Herringbone vs. Chevron Flooring Patterns
Jun 10, 2021
Spotting the Difference between Herringbone and Chevron Flooring
Herringbone and chevron-patterned flooring: Are they the same? Despite having some similarities and both falling under the parquet-flooring category, they are quite different. One thing they do have in common –they’re making a popular comeback as contemporary flooring patterns.
Pinning Down Parquet Flooring
Parquet flooring is when wood planks are cut into small pieces and installed in a repeating pattern. This style was popular in the 1960s when geometric patterns were in. Parquet flooring is back, especially herringbone and chevron, but these patterns did not make their first debut in history during the ’60s.
The History of Herringbone and Chevron
The name herringbone (surprise, surprise) was inspired by the bone structure of the herring fish, and the pattern was first seen in the Roman Empire. The Romans used this pattern to create sturdy paved roads by arranging rectangular blocks. The herringbone pattern appeared again in the 16th century as a popular style for wood flooring, much like we see today.
Chevron, despite being considered the more modern of the two patterns, also has a rich history. The V-shaped pattern was first seen in the Bronze Age depicted on pieces of pottery. Like herringbone, chevron also showed up in 16th century Europe as a popular type of wood flooring.
Comparing Herringbone and Chevron
Herringbone and chevron look similar and can be easily confused. The key difference is the angle at which each wood plank is cut. In the herringbone pattern, each end of the wood planks is cut at a 90-degree angle, which creates a broken zigzag pattern. Chevron, on the other hand, uses wood planks that are cut at a 45-degree angle, creating a continual zigzag pattern. The angled wood planks in chevron meet, creating an exact point that has an arrow-like effect.
Stunning Styles for Herringbone and Chevron Floors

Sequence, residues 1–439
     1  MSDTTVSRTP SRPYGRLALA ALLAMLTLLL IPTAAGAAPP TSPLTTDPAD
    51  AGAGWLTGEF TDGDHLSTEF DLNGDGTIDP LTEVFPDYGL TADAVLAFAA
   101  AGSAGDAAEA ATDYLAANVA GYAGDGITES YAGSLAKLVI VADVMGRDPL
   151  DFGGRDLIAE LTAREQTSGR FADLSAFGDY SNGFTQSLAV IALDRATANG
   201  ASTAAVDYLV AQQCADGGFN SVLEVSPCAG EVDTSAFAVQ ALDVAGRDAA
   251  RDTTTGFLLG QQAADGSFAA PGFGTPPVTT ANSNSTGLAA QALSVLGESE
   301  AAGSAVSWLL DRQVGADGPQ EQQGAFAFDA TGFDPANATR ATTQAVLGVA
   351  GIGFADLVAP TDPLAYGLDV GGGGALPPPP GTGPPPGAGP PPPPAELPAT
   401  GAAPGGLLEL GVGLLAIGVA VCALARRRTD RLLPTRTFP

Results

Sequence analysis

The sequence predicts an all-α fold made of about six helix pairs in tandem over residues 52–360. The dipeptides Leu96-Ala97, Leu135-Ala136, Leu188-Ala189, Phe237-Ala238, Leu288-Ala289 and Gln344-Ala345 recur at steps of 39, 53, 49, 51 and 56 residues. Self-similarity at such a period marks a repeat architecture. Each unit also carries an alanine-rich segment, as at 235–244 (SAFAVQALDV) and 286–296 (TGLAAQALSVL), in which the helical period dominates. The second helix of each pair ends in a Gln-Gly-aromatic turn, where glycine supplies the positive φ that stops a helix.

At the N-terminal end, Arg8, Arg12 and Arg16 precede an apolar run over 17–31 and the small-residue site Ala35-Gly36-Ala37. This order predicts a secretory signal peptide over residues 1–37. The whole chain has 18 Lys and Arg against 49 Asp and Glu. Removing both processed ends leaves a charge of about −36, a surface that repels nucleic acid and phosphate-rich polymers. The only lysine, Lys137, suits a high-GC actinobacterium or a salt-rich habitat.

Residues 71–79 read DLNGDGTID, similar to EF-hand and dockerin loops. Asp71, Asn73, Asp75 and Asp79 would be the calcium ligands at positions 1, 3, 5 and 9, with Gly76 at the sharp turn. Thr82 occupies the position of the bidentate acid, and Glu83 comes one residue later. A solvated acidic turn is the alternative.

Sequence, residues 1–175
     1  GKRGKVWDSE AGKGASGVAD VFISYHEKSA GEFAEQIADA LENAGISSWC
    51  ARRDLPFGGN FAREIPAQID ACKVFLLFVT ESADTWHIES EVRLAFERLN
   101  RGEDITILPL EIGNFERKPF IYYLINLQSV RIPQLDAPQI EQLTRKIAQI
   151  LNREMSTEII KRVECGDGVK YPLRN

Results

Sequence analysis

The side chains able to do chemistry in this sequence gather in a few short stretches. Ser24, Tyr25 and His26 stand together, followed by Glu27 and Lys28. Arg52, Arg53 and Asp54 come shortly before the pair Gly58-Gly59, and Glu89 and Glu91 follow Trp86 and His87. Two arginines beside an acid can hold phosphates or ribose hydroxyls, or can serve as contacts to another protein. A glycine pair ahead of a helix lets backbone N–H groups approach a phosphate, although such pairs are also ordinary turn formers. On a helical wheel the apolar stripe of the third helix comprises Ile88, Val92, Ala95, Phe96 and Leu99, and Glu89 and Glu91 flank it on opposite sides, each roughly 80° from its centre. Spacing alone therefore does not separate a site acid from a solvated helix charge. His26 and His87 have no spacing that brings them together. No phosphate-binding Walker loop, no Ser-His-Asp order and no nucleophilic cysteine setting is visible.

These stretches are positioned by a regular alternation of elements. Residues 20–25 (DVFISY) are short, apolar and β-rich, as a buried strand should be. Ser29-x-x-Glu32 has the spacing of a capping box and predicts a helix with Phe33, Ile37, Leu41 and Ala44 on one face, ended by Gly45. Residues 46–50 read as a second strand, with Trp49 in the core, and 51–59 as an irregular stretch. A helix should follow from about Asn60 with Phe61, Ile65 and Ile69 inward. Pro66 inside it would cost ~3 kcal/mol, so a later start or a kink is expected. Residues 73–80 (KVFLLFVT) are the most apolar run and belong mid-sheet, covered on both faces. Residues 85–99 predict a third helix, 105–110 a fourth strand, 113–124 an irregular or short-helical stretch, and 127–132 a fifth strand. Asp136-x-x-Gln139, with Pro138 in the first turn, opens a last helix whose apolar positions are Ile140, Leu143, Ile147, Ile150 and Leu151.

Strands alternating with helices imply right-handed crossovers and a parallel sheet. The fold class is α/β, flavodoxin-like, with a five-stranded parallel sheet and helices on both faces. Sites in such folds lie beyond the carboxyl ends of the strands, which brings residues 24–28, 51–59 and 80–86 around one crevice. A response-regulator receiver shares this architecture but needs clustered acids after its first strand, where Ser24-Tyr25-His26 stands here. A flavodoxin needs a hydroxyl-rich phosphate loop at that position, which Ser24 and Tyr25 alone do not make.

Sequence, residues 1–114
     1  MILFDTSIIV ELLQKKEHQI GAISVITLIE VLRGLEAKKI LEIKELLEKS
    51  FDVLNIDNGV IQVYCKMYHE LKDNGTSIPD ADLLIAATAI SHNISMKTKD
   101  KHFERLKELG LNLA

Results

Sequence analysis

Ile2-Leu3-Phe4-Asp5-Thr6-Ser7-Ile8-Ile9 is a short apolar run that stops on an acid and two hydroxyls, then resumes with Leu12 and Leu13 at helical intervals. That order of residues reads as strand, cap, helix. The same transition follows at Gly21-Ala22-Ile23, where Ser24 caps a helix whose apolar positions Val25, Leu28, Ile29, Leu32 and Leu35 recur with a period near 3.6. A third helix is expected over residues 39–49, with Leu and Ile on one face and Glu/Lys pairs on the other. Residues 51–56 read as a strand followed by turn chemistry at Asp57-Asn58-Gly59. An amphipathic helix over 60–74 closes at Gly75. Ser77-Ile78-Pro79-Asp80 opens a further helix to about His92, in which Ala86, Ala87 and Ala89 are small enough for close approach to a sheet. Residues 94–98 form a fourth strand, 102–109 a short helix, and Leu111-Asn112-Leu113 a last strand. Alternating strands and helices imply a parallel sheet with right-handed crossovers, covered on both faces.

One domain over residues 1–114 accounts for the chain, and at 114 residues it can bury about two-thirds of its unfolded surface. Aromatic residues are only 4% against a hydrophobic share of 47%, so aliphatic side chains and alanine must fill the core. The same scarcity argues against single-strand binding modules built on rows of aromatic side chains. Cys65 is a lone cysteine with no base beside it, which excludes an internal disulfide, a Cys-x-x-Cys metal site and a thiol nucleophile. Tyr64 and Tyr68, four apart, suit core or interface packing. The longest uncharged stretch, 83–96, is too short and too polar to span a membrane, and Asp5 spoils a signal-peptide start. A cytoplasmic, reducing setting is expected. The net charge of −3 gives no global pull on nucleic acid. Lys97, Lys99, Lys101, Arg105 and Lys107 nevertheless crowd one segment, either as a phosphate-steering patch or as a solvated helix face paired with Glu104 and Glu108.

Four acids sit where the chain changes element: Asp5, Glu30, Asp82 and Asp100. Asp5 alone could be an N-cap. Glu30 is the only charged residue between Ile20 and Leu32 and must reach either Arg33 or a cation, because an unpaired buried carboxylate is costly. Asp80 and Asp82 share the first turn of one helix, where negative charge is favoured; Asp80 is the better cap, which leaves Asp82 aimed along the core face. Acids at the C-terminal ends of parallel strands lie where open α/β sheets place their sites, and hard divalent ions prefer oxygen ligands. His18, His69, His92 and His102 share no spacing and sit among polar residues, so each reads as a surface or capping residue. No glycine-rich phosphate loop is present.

Whether you choose herringbone or chevron wood floors, both of these styles bring added detail, texture, and character into your space. Each pattern can change dramatically based on the type and colour of wood you choose. Woods with deep variation in colour and grain can allow for more striking and bold patterns, whereas lighter woods with less variation will mimic the more traditional flooring seen in 16th century Europe.
The size of the wood plank is also something to consider when thinking about herringbone or chevron floors. Thinner planks will create a tighter, more detailed-looking pattern, whereas long and wide planks will create a bolder design. The colour and size of the planks you choose can give your room a whole different look and feel.
Floor Finishes and Care
Like any kind of hardwood floor, there are a variety of ways you can stain and finish your herringbone or chevron floors. Knowing what type of colour palette you want in your space, comparing stains, and looking at different finishes can help you discover what is best for you. In addition, regular mopping, sweeping, and hardwood floor care will be necessary to keep your floors looking beautiful.
Let These Patterns Pop without Breaking the Bank
If you are looking for a lower maintenance and less expensive option, laminate and luxury vinyl have the same pattern options available with a lower price tag and better water resistance. Plus, both of these alternative materials come in a variety of wood looks and colours, just like regular hardwood floors, giving you plenty of stylish options to choose from.
Call In the Experts
If you need help figuring out if herringbone or chevron floors are right for you, the Flooring Canada experts are here to help. Give them a call, or stop by your local Flooring Canada store today.
Visualize Your Flooring Dreams
Want a preview of how new floors will look in your home? Try our room visualizer, My Floor Style. Upload a photo of your room, select your style preferences, and get a virtual look at each different flooring style. With My Floor Style, there are no surprises. Only beautiful new floors.